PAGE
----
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Move With Deb the Podcast

Sep 28, 2021

Please feel free to reach out to me via instagram @movewithdeb or book a curiosity call at

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[00:00:00] Welcome to Move With Deb. I'm Deb your friendly neuroplastician. And this is a podcast that explores the relationship between the body and the mind from a health at every size, judgment, free perspective. I teach you how developing a new internal conversation based on curiosity, self friendship and simple neuro-plasticity techniques can rewire your bodymind out of pain and emotional overwhelm to help you build the rich full life that you want to live. Disclaimer, this is not a replacement for medical care.

[00:00:50] Hi, and welcome to Move With Deb the podcast. This is episode 32 and today I'm sharing with you a somatic tracking audio that is based on a video that I made that's up on my website or my YouTube channel. 

[00:01:08] Hopefully what you'll hear in this somatic tracking audio is also a meta explanation. As I often like to do, of why you want to do somatic tracking, why it is a useful tool to learn and to practice. And I also go into what I like to call a somatic smile. Which is a tool that I made up and I apply when I am feeling intense sensations or emotions while moving.

[00:01:42] So I hope you enjoy. Thanks for listening.

[00:01:45] I just wanted to record my version of somatic tracking. And right now we're having some amazing sounds joining us today. So there's the sounds of the garbage trucks outside the sound of the cat scratching on the cat scratchy thing. So I just want to acknowledge that, you know, we don't need the sounds and the experiences in our life to go away, to be able to attend to them in a different way.

[00:02:15] So somatic tracking. It is an amazing technique that sounds deceptively easy. And it is literally the way that we train our brain away from danger into a sense of safety. And I want to just suggest that it is a practice. It is a practice of neural reprocessing and how we practice it is just like how you practice learning to tie your shoe when you were young or when you're old. Learning an instrument, like learning the piano. It is a process by training the mind and the neural pathways, how to attend to the sensations in your body. So in the beginning, you're not going to be good at it. So I just want to offer you that idea that nothing has gone wrong.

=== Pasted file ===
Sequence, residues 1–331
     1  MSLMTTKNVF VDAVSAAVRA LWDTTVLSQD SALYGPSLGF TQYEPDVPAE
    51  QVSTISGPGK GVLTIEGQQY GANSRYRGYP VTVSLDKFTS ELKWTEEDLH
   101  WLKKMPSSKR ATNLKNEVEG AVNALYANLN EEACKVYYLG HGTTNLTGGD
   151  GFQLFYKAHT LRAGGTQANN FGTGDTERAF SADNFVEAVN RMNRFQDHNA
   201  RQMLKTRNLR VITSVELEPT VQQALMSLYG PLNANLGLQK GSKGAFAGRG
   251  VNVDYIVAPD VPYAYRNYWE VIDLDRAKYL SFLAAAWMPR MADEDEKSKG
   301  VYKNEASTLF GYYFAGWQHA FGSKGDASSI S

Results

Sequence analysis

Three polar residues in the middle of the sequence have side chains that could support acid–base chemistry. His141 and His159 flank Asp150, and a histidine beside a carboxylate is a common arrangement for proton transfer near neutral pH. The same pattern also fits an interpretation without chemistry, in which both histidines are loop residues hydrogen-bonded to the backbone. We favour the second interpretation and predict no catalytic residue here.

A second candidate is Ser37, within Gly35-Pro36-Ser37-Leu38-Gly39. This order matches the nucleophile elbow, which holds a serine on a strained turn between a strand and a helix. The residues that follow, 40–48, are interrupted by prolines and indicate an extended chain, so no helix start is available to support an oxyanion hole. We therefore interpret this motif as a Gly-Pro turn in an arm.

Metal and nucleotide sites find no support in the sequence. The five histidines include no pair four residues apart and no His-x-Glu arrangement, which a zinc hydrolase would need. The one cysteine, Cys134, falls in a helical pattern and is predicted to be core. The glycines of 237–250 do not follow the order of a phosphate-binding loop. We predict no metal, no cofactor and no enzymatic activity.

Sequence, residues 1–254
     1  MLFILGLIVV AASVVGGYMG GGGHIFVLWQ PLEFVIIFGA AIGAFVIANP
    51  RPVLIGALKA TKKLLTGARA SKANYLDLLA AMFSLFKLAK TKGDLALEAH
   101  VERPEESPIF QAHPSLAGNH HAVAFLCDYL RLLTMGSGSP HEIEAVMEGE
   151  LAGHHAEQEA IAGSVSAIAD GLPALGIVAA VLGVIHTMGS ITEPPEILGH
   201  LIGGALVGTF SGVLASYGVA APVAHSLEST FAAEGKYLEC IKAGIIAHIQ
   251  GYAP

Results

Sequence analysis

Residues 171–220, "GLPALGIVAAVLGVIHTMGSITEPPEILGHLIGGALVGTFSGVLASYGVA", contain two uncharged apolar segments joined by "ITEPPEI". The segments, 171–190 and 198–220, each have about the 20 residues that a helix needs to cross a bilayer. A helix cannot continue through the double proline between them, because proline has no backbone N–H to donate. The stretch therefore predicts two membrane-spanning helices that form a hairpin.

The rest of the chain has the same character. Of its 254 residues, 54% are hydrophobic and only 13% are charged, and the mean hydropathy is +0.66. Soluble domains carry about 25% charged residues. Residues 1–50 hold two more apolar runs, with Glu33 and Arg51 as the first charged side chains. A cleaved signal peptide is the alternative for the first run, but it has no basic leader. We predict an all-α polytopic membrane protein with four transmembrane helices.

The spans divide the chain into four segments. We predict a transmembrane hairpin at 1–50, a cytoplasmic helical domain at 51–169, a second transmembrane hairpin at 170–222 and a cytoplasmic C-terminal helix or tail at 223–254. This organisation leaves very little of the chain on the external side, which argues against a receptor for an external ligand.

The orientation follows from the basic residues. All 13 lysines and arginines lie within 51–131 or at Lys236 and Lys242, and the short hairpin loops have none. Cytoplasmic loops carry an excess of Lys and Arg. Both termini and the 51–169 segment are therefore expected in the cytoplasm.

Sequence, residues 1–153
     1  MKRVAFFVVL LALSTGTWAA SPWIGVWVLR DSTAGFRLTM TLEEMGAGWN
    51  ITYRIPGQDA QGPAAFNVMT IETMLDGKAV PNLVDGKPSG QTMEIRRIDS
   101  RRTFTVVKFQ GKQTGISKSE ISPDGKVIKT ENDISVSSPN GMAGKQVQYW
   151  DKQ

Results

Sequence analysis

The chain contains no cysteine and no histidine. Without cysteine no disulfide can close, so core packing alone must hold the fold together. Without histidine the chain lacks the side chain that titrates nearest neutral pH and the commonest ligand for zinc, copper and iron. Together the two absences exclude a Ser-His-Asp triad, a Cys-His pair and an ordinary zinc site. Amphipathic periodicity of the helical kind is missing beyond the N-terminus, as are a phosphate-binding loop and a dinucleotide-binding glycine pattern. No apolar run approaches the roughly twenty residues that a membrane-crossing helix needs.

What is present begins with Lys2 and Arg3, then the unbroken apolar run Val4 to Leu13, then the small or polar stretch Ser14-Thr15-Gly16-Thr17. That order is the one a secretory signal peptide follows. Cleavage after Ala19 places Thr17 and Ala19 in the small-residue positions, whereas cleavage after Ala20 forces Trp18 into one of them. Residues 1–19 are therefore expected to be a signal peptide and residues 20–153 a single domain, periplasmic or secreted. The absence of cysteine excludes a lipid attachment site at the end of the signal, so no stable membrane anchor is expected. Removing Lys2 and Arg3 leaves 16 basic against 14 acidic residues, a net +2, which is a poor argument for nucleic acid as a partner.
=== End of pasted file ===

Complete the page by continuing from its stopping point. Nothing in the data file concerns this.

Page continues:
[00:03:09] If you do this activity, nothing changes and you feel uncomfortable or it feels weird or, you're not really sure what the point is. So one thing I want to invite you to do is just allow all of those thoughts, those questions, those fears, those, um, bits of confusion, to just be there, to just rise to the surface. It's really, really useful to get those kind of murmurings of our brain out from our subconscious into consciousness so that we can just start, even knowing what's running around inside of us, that is creating this kind of relationship with our sensory experience. So our thoughts and our feelings about what we are experiencing in our body really matter.

[00:04:07] They go a long way into whether our brain and our nervous system thinks that these sensations are safe, or they think that these sensations are dangerous. So things like perception, meaning, belief, they all go in together to this process. So it's okay if you have thoughts, that are full of confusion. That is normal human process of not knowing. We want to welcome the experience of not knowing something as we are on the journey to learning it. 

[00:04:43] So somatic tracking, you can do this work anywhere. I like to sometimes when I'm feeling an unpleasant sensation, right. Now I've trained myself. This is the, this is the neuroplastic part. I've created a conditioned response in my own mind body that when I feel an unpleasant physical sensation, somatic tracking is an activity that I reach out to.

[00:05:12] So somatic tracking is the practice of attending to the sensation in your body. It doesn't have to be unpleasant or negative. It can even be a pleasant sensation, or an invited sensation. So we want to reach out and, experience this sensation with curious awareness. And I always like to say self friendship.